My boys can’t get enough of this (hard-for-me-to-teach) subject; we all love the experiments or science field trips that we have done. But trying to explain to them why the cold water crushed the soda can and other such scientific oddities is a bit of an issue for us.They can’t wait to show their dad when he comes home about the newest experiment that we have done, but when he asks them why this or that worked they become tongue-tied trying to explain. A lot of homeschooling parents have this issue as well. (Okay, maybe not the science majors but the rest of us do!)
A couple of ways to teach this subject so that your kids will retain the important information (not just the explosions) are to show the concept first using he many free videos on http://www.freelyeducate.com/ and http://www.youtube.com/. Then talk about the scientific reasoning behind each experiment as you are performing it .(for example: what causes the can to implode when it goes into the freezing water) I always repeat the experiment a couple more times explaining as we go-sometimes they will remember and sometimes they don’t. But they usually retain a little each time we do it, so in my house repeating is key!
Yet another way to teach science is to outsource it to someone who can! There are always classes through the parks and rec or some cities even have science centers where some experiments are available for anyone to try. My favorite by far have been online science classes. There are many to choose from, ones that are included in online schools or curricula or specialty sites that offer more science than you can shake a stick at!
There are other families that I know that group science with math studies. This works extremely well for some children, and we are even going to give it a try with some of our work this year. I love the experiences that we have had so far for the first half of 3rd grade. Our family is all about tweaking our schedule to accommodate whatever interests us at that moment. Science is no different for us.
Several families that I know that are homeschooling are doing so because they have at least one child that was struggling in the public school system- myself included.
My story begins with my oldest son who was diagnosed with ADHD and learning disabilities early on in his school career. We did everything that we could to help him, including putting him on medicine to enable him to sit still for long periods of time. I would also volunteer in his classroom at least 3 days a week ,with his little brother strapped to my back, while I helped out. It was painful to watch him sit there and struggle with his work in those early years, and in the later years watch him cower in his seat hoping that the teacher wouldn’t call on him. Other times, he didn’t want to go to recess because he was picked on terribly by the kids that I had just helped out in his class. Talk about “mama rage”- I had it a lot back then. It also hadn’t helped that up until then we had moved every couple of years due to his father’s job. If I only would have thought for a moment and realized that I could have done just as good of a job as he was getting in school maybe I could have saved us all a lot of headaches and tears!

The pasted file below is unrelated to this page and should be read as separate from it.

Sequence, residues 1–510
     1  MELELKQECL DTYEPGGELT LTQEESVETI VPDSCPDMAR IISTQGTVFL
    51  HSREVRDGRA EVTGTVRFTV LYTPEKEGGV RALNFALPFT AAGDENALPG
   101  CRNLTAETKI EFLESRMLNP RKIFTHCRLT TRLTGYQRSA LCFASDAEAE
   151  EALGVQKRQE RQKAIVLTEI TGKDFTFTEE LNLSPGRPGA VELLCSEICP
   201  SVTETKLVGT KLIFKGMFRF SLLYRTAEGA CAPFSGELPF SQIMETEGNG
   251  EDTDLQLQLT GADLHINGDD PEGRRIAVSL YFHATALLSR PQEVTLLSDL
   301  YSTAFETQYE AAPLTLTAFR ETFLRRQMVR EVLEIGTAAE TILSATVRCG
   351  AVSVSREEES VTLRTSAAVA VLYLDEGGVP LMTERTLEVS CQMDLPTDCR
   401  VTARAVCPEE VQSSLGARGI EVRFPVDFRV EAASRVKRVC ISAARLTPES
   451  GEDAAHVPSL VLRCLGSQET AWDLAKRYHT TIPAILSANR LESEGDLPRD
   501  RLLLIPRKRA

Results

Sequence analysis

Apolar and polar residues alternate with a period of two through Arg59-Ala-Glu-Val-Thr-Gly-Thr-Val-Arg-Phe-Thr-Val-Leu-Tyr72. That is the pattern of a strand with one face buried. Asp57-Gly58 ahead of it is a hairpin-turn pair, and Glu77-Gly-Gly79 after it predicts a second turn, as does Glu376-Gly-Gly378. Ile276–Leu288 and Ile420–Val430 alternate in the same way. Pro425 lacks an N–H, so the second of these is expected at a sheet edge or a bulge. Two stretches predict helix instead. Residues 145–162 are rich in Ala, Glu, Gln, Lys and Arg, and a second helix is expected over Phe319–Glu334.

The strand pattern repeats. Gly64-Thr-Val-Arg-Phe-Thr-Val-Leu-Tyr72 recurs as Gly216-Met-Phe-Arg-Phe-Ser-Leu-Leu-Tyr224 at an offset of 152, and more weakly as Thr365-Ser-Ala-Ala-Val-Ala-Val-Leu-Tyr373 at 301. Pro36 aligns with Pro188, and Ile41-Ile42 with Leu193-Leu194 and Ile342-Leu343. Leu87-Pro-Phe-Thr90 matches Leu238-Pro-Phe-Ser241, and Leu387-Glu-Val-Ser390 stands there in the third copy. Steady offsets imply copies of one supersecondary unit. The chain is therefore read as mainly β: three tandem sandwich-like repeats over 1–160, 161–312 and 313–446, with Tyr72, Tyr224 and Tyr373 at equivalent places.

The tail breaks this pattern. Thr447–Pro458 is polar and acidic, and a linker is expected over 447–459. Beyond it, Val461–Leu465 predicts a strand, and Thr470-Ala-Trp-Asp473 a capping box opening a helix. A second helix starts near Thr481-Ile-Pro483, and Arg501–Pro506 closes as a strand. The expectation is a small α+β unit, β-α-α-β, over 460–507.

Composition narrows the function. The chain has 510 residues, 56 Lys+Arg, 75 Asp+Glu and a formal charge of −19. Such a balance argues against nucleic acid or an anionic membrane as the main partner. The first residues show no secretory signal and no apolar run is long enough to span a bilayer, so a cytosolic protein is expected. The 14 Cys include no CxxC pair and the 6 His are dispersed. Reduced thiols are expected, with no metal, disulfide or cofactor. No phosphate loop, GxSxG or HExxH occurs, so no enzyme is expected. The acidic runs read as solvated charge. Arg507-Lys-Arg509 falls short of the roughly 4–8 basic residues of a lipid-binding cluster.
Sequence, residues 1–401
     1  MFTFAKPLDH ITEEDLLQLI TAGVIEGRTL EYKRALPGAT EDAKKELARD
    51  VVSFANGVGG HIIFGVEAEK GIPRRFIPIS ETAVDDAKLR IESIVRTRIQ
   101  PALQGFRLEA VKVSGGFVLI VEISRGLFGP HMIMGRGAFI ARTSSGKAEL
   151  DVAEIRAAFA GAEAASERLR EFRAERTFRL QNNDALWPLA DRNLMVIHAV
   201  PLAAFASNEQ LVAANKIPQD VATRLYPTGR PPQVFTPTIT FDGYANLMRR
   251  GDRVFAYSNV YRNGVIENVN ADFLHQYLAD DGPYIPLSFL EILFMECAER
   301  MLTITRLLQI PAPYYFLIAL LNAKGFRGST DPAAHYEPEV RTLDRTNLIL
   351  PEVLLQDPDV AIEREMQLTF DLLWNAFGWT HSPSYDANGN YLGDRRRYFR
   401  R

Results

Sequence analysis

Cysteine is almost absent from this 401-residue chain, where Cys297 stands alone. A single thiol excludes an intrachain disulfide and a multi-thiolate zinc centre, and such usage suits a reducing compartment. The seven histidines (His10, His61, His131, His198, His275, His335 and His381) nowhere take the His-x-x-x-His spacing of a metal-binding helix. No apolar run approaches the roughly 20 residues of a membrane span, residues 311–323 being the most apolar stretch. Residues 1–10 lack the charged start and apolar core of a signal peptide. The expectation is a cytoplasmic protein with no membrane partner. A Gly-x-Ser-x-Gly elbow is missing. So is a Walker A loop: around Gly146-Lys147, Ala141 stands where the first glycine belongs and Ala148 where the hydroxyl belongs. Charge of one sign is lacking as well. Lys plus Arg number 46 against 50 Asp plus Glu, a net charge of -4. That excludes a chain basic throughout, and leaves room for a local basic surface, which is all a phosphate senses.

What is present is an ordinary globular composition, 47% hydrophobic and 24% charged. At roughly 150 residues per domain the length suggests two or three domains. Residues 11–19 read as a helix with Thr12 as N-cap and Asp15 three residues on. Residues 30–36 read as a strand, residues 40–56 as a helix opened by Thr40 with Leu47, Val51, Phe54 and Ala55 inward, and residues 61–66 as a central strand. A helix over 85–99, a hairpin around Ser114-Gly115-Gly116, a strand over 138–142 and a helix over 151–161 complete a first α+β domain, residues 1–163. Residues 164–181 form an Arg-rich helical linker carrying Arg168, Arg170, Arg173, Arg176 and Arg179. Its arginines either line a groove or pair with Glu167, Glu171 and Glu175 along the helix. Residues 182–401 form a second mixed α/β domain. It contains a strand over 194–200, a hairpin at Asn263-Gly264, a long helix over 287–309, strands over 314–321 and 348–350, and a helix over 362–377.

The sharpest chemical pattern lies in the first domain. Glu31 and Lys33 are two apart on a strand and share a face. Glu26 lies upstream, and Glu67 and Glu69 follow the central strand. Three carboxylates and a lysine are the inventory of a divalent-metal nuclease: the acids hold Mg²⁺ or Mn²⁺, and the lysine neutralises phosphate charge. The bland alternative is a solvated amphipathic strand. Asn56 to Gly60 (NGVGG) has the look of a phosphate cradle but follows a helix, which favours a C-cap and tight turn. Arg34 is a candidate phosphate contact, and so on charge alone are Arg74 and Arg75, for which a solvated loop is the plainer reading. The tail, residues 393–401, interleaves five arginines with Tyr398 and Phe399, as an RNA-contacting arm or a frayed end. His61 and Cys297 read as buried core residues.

He was still behind for his grade when I pulled him out after 5th grade, but we have chipped away at that gap since then and are almost caught up. I feel great that I can adapt his studies to the way he needs to be taught, instead of him having to struggle through it. I believe that the most important thing that you have to have to homeschool a child with special needs is patience.He may not get it the first ten times you explain it (or even the first hundred times), but eventually he WILL get it. There is no ridicule from his peers to make him shrink into his seat in fear of being picked on by choosing out of the norm classes. Only the love from his parent telling him that he can do this problem or spell this word.
If you are reading this article, then you are one step ahead of most -and myself include. I waited almost too long to pull my boys from the school system. Just in time for my oldest(currently in 8th grade), and because of that my now 3rd grader will reap the benefits!
This subject is a easy one for my family. We are an artistic family -my husband is an artist, I do varies levels of artistic things, (stained glass, pottery, crafts) and the boys really love to sit and draw. Art is such an enjoyable subject for us, that we often go to museums and the boys enter art contests. My husband gives them weekly classes on different painting techniques and along with it he tries to provide a small dose of art history, and sometimes he likes to add fun art games. But for some families this is one subject that gets left behind or outsourced to make sure that it is at least covered or skimmed over.